Data redundancy: Even when silos don't cause problems, they can still lead to wasted resources. Imagine a company that has two teams working with the same data. If they're not sharing a common version, then both teams will need their own instance of the data. This doubles the cost associated with providing data access.

Lack of visibility: Silos also make it hard to get a bird's-eye view of an organization's data activity. This could have data governance implications, as siloed teams may not be following the organization's guidelines. There are also compliance risks. For example, if a siloed database contains Personal Identifiable Information (PII), the organization might have trouble complying with a Right To Be Forgotten request.

Data-driven organizations consider all their data a single entity. When data exists in a silo, it's part of a different entity, so the organization can't use it correctly. Over time, this can develop into a serious problem.

Solutions to Data Silo Issues

Data silos can pop up in even the most data-conscious companies, which is why the data governance team has to stay vigilant. This could mean conducting regular data audits, reviewing the data infrastructure, and interviewing users about data availability.

When a company identifies a data silos, they can take several steps to remedy the issues:

Improve Data Integration

Silos often emerge when there are fundamental issues of infrastructure. If it's too difficult to integrate a system to the main data pipeline, the relevant IT team might choose to leave the system untouched. The solution is to build a better data infrastructure, using a versatile connector like an ETL platform. This allows the IT team to build a series of one-to-one connections and also to manage the flow of data between locations.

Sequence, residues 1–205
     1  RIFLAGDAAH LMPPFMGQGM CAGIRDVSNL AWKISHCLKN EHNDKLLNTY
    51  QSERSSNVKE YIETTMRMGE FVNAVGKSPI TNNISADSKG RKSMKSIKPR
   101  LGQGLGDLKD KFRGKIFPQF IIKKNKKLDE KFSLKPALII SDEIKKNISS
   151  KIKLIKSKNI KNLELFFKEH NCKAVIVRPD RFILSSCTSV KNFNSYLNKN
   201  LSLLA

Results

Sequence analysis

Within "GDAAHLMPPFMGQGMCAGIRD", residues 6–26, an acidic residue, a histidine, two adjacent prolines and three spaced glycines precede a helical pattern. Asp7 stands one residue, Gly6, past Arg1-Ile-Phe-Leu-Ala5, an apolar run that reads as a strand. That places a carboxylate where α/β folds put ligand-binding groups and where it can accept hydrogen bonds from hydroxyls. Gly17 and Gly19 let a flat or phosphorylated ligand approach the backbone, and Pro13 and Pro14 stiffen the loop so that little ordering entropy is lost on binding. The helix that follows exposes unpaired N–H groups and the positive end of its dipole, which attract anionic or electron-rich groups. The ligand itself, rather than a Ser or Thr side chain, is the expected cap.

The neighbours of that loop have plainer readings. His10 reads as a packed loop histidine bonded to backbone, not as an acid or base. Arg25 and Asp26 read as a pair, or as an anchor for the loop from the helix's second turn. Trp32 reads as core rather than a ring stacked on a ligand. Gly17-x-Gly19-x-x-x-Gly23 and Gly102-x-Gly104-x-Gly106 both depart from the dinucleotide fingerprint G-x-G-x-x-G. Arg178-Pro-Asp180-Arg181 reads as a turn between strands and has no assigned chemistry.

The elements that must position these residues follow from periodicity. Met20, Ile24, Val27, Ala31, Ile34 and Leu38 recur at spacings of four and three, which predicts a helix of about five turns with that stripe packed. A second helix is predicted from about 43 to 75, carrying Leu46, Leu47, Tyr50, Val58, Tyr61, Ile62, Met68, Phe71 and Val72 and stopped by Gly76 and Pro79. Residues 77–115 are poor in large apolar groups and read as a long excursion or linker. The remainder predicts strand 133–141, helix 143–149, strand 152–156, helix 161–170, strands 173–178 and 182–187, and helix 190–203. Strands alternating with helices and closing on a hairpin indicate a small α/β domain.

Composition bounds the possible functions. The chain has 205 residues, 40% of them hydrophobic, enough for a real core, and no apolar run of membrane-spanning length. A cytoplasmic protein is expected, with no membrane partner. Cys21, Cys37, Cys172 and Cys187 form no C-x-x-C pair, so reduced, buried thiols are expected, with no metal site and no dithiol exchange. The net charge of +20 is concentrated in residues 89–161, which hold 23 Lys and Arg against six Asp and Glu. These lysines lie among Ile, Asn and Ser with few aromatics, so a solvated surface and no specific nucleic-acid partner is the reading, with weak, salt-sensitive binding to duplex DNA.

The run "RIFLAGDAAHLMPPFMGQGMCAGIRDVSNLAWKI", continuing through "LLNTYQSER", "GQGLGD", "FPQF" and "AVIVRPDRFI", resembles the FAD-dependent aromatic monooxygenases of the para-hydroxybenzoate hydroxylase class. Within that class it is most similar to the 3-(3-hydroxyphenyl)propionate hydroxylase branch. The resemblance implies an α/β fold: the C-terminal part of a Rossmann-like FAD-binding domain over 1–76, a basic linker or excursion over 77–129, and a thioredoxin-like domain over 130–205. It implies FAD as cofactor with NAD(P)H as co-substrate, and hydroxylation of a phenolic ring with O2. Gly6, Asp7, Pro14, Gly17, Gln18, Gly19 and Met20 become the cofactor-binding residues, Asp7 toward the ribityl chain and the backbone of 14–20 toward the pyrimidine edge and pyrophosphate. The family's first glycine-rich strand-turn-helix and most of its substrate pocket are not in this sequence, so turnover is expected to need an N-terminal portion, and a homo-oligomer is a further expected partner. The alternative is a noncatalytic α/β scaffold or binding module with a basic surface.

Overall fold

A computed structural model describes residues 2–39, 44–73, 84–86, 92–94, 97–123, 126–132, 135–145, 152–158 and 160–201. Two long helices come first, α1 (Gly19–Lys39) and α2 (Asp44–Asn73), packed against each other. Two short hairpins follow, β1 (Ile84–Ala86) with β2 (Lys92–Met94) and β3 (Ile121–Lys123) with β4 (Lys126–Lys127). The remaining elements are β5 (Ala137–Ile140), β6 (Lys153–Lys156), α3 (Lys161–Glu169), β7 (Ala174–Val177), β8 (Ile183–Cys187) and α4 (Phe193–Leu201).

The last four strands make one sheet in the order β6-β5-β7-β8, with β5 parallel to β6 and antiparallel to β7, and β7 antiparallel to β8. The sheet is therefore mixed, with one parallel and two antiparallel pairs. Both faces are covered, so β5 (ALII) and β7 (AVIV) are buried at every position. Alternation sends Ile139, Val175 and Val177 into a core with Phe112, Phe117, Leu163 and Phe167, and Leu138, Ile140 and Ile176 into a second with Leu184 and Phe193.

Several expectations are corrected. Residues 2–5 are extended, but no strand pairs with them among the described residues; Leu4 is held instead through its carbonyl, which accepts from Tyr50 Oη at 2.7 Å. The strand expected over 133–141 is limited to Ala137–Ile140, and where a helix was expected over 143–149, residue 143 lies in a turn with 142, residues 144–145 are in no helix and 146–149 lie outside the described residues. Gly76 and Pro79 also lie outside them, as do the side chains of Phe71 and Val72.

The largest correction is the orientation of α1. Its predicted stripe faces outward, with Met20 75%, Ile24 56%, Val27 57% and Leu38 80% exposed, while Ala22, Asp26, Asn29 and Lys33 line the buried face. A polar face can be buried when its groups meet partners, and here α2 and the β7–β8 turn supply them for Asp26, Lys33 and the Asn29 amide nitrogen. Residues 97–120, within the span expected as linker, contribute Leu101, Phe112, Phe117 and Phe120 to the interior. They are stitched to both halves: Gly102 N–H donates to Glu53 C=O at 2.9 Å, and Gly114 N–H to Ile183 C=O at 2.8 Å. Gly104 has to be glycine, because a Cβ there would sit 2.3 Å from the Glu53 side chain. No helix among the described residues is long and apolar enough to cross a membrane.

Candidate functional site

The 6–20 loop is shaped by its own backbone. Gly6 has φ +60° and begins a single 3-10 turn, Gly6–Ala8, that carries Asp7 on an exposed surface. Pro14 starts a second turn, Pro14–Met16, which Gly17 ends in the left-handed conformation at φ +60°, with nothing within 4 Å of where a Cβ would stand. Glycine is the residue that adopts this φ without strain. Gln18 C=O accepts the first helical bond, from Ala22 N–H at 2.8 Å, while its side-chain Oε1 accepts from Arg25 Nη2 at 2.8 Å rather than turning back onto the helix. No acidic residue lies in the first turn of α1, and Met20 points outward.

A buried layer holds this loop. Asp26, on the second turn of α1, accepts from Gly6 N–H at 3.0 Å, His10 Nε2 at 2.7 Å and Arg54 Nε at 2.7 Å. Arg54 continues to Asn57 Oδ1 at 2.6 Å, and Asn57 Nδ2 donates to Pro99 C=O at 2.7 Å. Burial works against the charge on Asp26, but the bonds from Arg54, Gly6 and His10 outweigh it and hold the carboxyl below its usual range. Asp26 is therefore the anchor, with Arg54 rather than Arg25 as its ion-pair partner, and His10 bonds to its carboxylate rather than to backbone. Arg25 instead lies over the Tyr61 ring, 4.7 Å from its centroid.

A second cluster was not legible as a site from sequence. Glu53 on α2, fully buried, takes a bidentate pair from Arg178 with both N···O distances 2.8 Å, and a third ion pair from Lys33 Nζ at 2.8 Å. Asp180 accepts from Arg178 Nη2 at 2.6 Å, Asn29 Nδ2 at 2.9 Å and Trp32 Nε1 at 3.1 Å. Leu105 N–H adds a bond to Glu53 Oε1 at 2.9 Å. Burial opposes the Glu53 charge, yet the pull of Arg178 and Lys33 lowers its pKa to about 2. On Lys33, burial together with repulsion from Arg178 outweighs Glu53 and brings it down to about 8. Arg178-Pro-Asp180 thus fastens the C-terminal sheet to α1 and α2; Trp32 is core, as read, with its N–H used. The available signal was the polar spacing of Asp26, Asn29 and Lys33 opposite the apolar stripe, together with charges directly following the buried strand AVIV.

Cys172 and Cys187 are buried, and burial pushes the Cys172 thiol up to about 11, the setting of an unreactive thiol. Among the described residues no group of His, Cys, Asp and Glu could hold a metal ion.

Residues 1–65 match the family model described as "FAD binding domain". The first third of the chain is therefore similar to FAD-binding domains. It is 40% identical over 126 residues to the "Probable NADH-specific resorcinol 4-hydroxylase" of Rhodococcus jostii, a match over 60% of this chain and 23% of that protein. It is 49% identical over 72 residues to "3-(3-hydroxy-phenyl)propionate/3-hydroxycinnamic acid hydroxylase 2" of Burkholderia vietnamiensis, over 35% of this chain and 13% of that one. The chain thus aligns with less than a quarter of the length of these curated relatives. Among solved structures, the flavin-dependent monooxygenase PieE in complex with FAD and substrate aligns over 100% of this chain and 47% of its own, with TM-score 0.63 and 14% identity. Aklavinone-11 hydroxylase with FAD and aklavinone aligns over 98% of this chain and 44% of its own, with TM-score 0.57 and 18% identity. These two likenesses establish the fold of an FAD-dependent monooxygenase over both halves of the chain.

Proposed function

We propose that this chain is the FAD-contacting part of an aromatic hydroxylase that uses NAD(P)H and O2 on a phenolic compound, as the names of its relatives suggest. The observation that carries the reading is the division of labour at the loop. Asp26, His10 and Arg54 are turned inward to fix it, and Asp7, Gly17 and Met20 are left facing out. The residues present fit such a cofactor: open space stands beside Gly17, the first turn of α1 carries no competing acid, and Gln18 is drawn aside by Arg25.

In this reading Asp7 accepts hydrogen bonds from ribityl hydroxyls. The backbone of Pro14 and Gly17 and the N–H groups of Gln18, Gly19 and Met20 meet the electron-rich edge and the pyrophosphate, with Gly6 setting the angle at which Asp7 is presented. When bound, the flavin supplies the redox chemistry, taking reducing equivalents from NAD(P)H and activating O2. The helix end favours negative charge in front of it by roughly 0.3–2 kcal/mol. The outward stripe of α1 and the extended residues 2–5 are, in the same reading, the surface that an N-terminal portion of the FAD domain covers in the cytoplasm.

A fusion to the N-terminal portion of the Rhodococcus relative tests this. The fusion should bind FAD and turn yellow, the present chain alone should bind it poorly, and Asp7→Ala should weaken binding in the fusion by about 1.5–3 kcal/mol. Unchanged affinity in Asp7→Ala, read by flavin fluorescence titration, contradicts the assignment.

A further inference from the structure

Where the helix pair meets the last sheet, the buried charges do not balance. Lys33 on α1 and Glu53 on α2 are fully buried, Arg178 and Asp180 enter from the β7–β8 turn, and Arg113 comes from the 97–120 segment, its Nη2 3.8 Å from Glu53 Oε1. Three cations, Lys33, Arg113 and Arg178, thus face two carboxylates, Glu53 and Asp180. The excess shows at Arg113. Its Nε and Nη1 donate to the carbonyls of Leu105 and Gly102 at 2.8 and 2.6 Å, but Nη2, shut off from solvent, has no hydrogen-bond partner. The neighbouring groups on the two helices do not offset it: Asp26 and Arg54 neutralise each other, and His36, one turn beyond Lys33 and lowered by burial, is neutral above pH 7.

Use Role-Based Data Access Policies

Data siloes sometimes reflect internal policies. For instance, the organization might choose to keep PII or commercially sensitive data in a silo so that it can prevent unauthorized access. This approach can cause issues in the long run. A better solution is to use role-based data access so that each user only has access to information relevant to their job.

Transform Sensitive Data

When the organization needs to keep data secret for compliance reasons, it can obfuscate the sensitive values. Data obfuscation can involve encrypting the data so that authorized personnel can only decrypt it. Obfuscation can also involve replacing confidential data with random characters. This method preserves the data structure while eliminating any sensitive information.

Challenge the Culture

A data silo sometimes indicates a larger issue. When companies don't have a culture of active collaboration, leaders may choose to isolate the data relevant to their department. This is a problem to tackle on a cultural level by encouraging teamwork and trust between all parties. Technology can help by making it easy for teams to share data.